is directly overhead at a given location on earth. In general the sidereal time is different
for different places on earth (it is the same for all locations that have the same longitude).
Since the RA is bigger for objects to the east, as the earths rotation causes these objects
to seemingly move towards the west, sidereal time increases.
The image derotator - parallactic angle
As an alt-az telescope tracks an object, the image of that object will rotate.
For projects that just want to track a single star (like spectroscopy) it may be
possible to not care about this. For any use of an alt-az telescope that involves
imaging or tracking more than one object in a field, it is necessary to do something
about this image rotation, hence the need for a derotator.
When an alt-az telescope is pointed exactly north or south, the elevation axis moves
along a line of constant RA (given by the current sidereal time) and a change in
telescope elevation produces only a change in declination. For any other azimuth
orientation there is some angular difference between a line of constant RA and
the line accessed by moving the telescope solely in elevation. For any point in
the sky, this angle can be calculated and is known at the parallactic angle.
The parallactic angle is the angle between a line of constant azimuth and a line of
constant RA. Lines of constant azimuth converge at the point directly overhead
(the zenith). Lines of constant RA converge at the projection of the earths north pole
on the sky.
Without a derotator, the top of the image produced by the telescope is always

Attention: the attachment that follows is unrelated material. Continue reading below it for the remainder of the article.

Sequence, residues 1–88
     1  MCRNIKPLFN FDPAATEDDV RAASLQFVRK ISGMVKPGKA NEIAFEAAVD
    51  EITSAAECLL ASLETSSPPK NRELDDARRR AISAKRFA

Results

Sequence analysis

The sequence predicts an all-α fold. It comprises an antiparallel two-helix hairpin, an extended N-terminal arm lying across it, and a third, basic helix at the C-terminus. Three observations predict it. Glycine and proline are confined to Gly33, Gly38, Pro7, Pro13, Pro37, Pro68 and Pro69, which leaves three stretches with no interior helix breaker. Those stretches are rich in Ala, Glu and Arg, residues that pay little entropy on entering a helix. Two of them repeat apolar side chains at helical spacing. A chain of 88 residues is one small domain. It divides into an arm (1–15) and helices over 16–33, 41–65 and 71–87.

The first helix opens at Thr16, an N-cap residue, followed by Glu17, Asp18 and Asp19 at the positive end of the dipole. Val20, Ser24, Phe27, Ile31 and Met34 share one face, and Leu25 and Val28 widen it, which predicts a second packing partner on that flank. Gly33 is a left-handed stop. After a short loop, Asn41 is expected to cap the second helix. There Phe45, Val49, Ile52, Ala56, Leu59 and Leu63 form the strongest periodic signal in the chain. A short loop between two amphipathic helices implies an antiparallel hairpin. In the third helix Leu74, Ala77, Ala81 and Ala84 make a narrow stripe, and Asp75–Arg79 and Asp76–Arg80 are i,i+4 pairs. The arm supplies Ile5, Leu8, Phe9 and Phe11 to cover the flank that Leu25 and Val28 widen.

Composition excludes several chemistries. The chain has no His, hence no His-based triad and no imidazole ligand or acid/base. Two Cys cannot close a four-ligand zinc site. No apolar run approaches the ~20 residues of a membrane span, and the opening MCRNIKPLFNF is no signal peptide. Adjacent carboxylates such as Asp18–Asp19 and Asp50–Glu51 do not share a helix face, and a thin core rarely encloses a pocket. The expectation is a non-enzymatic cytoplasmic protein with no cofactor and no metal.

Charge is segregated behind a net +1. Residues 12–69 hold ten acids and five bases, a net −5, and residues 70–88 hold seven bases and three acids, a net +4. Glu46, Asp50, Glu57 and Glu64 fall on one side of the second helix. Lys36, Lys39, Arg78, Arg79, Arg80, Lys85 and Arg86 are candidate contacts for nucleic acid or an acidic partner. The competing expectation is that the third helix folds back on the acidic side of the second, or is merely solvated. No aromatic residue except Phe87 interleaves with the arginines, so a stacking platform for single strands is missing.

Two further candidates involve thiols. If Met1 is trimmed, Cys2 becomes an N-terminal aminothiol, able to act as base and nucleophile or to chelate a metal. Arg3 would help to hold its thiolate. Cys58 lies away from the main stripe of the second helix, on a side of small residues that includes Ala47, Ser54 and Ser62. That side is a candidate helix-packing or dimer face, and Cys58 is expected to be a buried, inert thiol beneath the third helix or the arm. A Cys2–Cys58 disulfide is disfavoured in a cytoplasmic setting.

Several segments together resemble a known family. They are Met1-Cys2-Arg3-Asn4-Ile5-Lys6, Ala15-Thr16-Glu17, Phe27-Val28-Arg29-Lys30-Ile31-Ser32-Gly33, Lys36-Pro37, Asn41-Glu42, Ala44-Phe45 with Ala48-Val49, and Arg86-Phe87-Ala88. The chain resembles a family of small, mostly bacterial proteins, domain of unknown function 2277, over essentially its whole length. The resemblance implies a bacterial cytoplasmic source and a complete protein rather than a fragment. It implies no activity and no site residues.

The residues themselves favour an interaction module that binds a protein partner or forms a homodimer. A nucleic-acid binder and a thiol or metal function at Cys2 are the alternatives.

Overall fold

"toward the zenith". What we might prefer would be the top to always be aligned
to point "toward the north pole". We can accomplish the later by moving the derotator
by the value of the parallactic angle. Notice that as we track an object, we generate
a continually changing motion in altitude and azimuth which cause the telescope to keep
pointing to a constant value of RA and dec. To avoid field rotation, we must impose a
third constraint, namely that the rotator points to the constantly changing value of the
It leads to no end of confusion that Parallactic Angle and Position Angle have such similar
names. In particular it is uniquely unfortunate that they both are commonly abbreviated "PA"
and this leads to endless confusion. Position Angle is a way of specifying an angle centered
on some object in the imaginary RA and Declination grid on the sky. The zero line is the line
of constant RA through the object going towards the north celestial pole (the projection of
the earths north pole). The angle is measured from this north line positive towards the east.
When a position angle is specified for an object (typically this is an "extended" object
such as a galaxy that has some prefered angular alignment), this value is treated as
a constant offset and added to the parallactic angle to produce the rotator command.
This causes the field to be rotated relative to the usual "north at the top" orientation.